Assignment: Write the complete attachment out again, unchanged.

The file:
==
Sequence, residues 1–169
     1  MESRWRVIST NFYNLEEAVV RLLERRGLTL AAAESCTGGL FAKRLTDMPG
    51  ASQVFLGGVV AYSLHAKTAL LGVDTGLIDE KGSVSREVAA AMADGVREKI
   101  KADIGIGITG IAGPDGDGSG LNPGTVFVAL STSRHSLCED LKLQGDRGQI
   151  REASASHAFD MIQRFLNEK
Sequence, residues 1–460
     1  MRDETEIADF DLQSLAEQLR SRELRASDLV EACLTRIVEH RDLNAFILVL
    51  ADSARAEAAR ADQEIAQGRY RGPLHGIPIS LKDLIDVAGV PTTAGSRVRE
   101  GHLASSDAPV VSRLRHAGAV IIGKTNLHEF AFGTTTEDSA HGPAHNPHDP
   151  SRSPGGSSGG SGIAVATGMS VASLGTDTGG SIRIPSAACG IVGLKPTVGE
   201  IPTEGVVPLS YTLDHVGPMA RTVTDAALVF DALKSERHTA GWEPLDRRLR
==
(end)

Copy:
Sequence, residues 1–169
     1  MESRWRVIST NFYNLEEAVV RLLERRGLTL AAAESCTGGL FAKRLTDMPG
    51  ASQVFLGGVV AYSLHAKTAL LGVDTGLIDE KGSVSREVAA AMADGVREKI
   101  KADIGIGITG IAGPDGDGSG LNPGTVFVAL STSRHSLCED LKLQGDRGQI
   151  REASASHAFD MIQRFLNEK
Sequence, residues 1–460
     1  MRDETEIADF DLQSLAEQLR SRELRASDLV EACLTRIVEH RDLNAFILVL
    51  ADSARAEAAR ADQEIAQGRY RGPLHGIPIS LKDLIDVAGV PTTAGSRVRE
   101  GHLASSDAPV VSRLRHAGAV IIGKTNLHEF AFGTTTEDSA HGPAHNPHDP
   151  SRSPGGSSGG SGIAVATGMS VASLGTDTGG SIRIPSAACG IVGLKPTVGE
   201  IPTEGVVPLS YTLDHVGPMA RTVTDAALVF DALKSERHTA GWEPLDRRLR